How To Purge A Propane Tank (Quickly & Easily!)
Are you new to propane tank ownership? If so, then one of the first things you are going to have to do is learn how to purge a propane tank. New propane tanks come filled with pressurized air. In order to fill your propane tank, you’ll need to purge out all the air. It’s the only way to make your tank fillable. Before you hit up the tank store, getting the scoop on this procedure is a good idea.
Purging a propane tank is a fairly simple process. Here’s the step by step guide on how to do it:
- Connect your brand new, unused propane tank to a used (but full) tank using a line featuring both a bleed port valve and a regular.
- Move your valve to the “PURGE” mark, then turn your new propane tank’s valve as far counterclockwise as it can go.
- Open the other propane tank the same way, then slide that line valve to “CHARGE.”
- Wait until you can no longer hear gas traveling, then slide the line valve on the used tank to “PURGE.”
- Wait until you no longer hear gas, and then repeat the process four times.
This may seem like a fairly involved process, but it’s really easy and a must-do if you want to ensure that your propane tank functions properly. This guide will explain why this is such an important step, plus give you purging tips.
Why Do New Tanks Have To Get Purged?
The short and simple reason is that new tanks often contain impurities. These impurities include things like air, moisture, and sometimes even other things that find their way inside during manufacturing. This can make filling up your tank difficult, if not downright dangerous. In order to make sure that your tank is safe to use and can fill up, you will need to get rid of the impurities.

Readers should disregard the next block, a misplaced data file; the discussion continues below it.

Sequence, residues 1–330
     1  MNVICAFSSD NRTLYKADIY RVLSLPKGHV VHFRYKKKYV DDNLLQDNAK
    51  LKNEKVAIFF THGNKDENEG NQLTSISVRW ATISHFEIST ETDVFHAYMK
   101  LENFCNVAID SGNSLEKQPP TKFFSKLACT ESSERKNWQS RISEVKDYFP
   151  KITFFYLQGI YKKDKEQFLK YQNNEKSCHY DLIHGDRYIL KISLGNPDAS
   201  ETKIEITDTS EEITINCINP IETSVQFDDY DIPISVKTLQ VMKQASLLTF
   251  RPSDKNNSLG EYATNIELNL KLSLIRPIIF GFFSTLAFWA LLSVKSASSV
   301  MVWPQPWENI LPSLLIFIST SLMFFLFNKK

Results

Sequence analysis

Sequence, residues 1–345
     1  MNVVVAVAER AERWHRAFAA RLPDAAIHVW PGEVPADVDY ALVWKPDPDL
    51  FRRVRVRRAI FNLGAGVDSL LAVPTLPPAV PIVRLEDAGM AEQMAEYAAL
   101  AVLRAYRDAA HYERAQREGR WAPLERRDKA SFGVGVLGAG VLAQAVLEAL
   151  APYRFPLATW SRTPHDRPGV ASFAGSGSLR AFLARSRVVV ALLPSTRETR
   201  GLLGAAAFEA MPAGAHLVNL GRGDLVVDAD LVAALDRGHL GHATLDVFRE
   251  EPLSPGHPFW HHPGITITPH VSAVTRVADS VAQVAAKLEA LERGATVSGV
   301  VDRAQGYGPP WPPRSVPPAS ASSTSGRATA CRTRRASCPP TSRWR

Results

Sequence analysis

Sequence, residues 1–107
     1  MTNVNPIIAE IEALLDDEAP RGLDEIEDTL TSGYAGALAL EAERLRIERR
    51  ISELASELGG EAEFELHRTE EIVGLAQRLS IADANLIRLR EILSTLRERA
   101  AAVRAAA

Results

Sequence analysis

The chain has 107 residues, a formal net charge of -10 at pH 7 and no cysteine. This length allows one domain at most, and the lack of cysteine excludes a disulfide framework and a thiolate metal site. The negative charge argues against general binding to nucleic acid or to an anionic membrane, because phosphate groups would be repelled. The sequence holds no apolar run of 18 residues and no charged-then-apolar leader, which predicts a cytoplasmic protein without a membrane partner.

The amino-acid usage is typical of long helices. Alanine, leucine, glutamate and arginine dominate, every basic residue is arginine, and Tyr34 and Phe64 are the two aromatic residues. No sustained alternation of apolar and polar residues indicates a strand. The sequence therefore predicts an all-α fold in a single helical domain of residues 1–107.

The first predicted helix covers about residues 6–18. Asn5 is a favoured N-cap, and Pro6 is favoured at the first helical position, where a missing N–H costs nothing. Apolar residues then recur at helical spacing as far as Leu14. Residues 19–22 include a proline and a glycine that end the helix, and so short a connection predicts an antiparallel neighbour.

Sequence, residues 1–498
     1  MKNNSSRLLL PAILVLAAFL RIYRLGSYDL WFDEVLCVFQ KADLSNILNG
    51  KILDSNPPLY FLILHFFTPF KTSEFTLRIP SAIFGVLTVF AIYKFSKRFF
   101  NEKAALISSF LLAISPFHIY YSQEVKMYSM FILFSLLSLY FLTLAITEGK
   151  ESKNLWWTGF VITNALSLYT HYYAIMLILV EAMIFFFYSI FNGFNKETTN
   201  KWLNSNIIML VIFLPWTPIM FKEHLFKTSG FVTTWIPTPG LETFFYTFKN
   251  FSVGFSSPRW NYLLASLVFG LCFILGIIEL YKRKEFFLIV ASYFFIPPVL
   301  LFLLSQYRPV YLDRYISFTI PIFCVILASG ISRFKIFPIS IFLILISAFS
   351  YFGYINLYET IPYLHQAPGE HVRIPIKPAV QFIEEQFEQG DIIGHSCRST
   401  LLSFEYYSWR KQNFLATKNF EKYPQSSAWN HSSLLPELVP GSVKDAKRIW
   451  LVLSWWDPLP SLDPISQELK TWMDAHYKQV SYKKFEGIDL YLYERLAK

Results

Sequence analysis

Purging, as the name suggests, is the approved way to get rid of impurities inside your tank prior to its use. All new tanks will need to be purged. Since poorly purged tanks won’t be able to fill to their maximum, you might end up seeing a difference in how long propane flames can stay lit.
What Happens If A Tank Is Not Properly Purged?
Though it may seem innocuous at the start, the truth is that those impurities can pose a threat to your tank. If you use your tank without purging, the impurities can affect your tank’s ability to dispense fuel. Moreover, certain types of impurities, such as water, can also cause your tank to rust from the inside out.
Rust can damage the integrity of your tank, as well as the overall ability to store propane efficiently. Unless you want to have holes in your tank or faulty flow, you’ll make sure that your tank is properly purged.
How Often Do Tanks Have To Be Purged?
There’s some pretty good news about purging tanks that most propane tank owners are well aware of. Most tanks will only need to be purged once. This is because a single session is enough to prep your tank from regular use.
Can You Ask A Gas Station To Purge Your Propane Tank For You?
For the most part, getting your propane tank purged at a gas station isn’t a good idea. In many cases, gas stations don’t have a used propane tank that is filled with enough propane to properly purge your tank. Moreover, even if they do, they may not know how to do it the right way. Some propane suppliers won’t fix your tank if it’s been purged by a random person.
If you need to get your tank purged and don’t want to do it yourself, the best option for you is to call your propane tank supplier to find out where you can go. Many suppliers have a pre-approved list of professionals who you can contact.
Can You Buy A Pre-Purged Propane Tank?
Though this wasn’t always the case, pre-purged propane tanks are now a thing. Most of the propane tanks that are sold without the need to purge will be marked “Pre-Filled” or “Pre-Purged.” People who want to avoid having to purge the tanks should check these tanks out. They’re more expensive than empty tanks, but owning a tank makes propane fills cheaper as years pass. So, it works itself out.